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duction of goods for commerce". Also, under the definition in section 3(s) of the Act, an enterprise described in any of the five numbered clauses of the subsection is an enterprise "engaged in commerce or in the production of goods for commerce" if, in its activities, some employees are so engaged, “including employees handling, selling, or otherwise working on goods that have been moved in or produced for commerce by any person”.
Section 794.13 "New" enterprise coverage
under 1961 amendments.
Section 794.14 Definitions governing “new”
enterprise coverage. (a) The scope of the added coverage on an enterprise basis, which was provided by the 1961 amendments to the Act, is determined with reference to the special definitions of the term "enterprise" in section 3(r) of the Act and of the term "enterprise engaged in commerce or in the production of goods for commerce" under section 3(s). The former definition, which also governs the meaning of the term "enterprise" as used in section 13(b) (10), is discussed in Subpart B. The provisions of the definition contained in section 3(s) which may have special pertinence to distributors of petroleum products are as follows:
(8) "Enterprise engaged in commerce or in the production of goods for commerce" means any of the following in the activities of which employees are so engaged, including employees handling, selling, or otherwise working on goods that have been moved in or produced for commerce by any person :
(1) Any such enterprise which has one or more retail or service establishments if the annual gross volume of sales of such enterprise is not less than $1,000,000, exclusive of excise taxes at the retail level which are separately stated and if such enterprise purchases or receives goods for resale that move or have moved across State lines (not in deliveries from the reselling establishment) which amount in total annual volume to $250,000 or more;
(a) Because the amendments to the Act effective September 3, 1961 (Public Law 87–30, 75 Stat. 65) did not change the principles of coverage, applicable before the amendments, which have been discussed in sections 794.8 to 794.12, all employees covered under these principles and not specifically exempt before the amendments became effective are required to be paid in accordance with the pay standards for "old" coverage set forth in section 794.15, except as otherwise provided by some specific exemption therefrom such as section 13(b) (10). If the employer has employees who are not covered under these principles, it is necessary to determine whether such employees are covered under the “new” enterprise coverage provisions added by the amendments, for if they are, the employer must comply with the pay standards for "newly covered” employees explained in section 794.16, except as he may be relieved therefrom by section 13(b) (10) or some other specific provision of the Act.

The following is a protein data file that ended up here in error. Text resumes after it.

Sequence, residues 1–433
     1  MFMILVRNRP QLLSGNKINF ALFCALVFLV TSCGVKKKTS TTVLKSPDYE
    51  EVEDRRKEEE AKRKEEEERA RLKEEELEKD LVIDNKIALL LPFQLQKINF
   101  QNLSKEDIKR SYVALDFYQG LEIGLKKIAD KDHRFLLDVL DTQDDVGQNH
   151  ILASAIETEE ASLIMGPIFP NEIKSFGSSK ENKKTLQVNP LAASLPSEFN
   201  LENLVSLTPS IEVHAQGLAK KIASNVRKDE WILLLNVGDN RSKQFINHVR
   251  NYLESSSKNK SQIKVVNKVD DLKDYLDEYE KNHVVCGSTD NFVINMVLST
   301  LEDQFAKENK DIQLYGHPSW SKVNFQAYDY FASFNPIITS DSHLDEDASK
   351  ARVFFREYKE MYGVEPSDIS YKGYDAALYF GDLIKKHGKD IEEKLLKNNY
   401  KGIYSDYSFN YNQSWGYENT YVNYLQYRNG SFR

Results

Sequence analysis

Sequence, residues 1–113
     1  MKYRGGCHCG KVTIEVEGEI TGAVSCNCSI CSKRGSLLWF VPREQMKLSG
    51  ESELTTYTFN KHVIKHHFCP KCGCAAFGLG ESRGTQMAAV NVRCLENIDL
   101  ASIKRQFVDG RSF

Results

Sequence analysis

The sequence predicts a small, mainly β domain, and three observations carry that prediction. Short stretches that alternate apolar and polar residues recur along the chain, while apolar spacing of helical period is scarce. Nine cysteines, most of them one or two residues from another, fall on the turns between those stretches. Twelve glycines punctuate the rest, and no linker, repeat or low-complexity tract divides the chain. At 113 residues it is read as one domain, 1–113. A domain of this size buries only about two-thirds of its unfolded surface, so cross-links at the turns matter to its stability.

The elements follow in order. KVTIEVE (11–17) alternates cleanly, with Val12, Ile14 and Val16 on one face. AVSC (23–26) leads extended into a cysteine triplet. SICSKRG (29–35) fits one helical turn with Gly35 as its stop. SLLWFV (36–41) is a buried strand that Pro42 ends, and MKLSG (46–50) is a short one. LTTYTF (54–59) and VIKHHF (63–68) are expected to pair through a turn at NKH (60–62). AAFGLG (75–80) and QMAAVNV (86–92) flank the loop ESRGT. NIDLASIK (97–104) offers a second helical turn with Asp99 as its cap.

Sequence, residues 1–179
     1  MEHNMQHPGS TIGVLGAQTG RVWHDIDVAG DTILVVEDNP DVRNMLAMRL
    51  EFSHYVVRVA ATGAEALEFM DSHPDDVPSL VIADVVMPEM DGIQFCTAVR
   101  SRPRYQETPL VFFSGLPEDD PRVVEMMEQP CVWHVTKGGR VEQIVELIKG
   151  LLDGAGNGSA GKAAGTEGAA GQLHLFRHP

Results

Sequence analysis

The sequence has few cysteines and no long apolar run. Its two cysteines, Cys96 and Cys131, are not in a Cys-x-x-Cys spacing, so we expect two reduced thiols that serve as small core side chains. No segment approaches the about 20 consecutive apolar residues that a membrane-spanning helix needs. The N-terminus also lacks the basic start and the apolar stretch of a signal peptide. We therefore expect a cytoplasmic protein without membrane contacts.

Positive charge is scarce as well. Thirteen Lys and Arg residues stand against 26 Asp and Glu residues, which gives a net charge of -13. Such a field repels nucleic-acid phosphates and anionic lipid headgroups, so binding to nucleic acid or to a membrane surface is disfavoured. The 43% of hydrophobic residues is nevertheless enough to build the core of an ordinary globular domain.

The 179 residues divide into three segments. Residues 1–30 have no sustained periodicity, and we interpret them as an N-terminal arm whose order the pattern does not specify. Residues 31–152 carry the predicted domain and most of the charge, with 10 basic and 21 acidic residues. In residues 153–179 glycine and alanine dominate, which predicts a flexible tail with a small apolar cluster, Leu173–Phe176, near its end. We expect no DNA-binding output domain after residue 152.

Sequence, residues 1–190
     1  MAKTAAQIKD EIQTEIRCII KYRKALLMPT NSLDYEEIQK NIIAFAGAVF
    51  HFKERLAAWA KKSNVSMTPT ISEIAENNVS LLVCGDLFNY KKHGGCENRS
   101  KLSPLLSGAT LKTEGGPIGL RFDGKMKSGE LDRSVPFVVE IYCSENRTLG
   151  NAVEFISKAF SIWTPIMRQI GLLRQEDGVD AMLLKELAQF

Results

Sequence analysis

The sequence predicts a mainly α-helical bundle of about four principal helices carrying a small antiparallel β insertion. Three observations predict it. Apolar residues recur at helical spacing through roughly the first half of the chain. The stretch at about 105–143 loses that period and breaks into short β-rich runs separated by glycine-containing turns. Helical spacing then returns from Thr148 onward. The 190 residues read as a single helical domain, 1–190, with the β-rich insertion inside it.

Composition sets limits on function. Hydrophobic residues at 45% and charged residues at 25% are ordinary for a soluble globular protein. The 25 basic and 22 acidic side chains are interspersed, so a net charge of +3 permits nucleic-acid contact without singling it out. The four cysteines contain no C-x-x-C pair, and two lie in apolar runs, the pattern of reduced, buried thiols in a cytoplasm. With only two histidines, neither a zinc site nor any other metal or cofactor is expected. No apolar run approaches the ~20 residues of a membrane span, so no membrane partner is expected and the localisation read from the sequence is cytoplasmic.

(b) Under these enterprise coverage provisions, if an enterprise or establishment is an “enterprise engaged in commerce or in the production of goods for commerce" as defined and delimited in section 3(s) of the Act (see Section 794.14), every employee employed in such enterprise or by such establishment whose work does not bring him within the general coverage of the Act under the principles discussed in sections 794.8 to 794.12 is brought within the minimum wage coverage of section 6(b), the overtime pay coverage of section 7(a) (2), and the child labor coverage of section 12(c), except as otherwise specifically provided by the Act. “Enterprise" coverage is discussed comprehensively in Part 776 of this chapter. A detailed discussion of such coverage as it relates to enterprises which have retail or service establish
(3) Any establishment of any such enterprise, except establishments and enterprises referred to in other paragraphs of this subsection, which has employees engaged in commerce or in the production of goods for commerce if the annual gross volume of sales of such enterprise is not less than $1,000,000;
(5) Any gasoline service establishment if the annual gross volume of sales of such establishment is not less than $250,000, exclusive of excise taxes at the retail level which are separately stated :
Provided: That an establishment shall not be considered to be an enterprise engaged in commerce or in the production of goods for commerce, or a part of an enterprise engaged in commerce or in the production of goods for commerce, and the sales of such establishment shall not be included for the purpose of determining the annual gross volume of sales of any enterprise for the purpose of this subsection, if the only employees of such estab lishment are the owner thereof or persons standing in the relationship of parent, spouse, or child of such owner.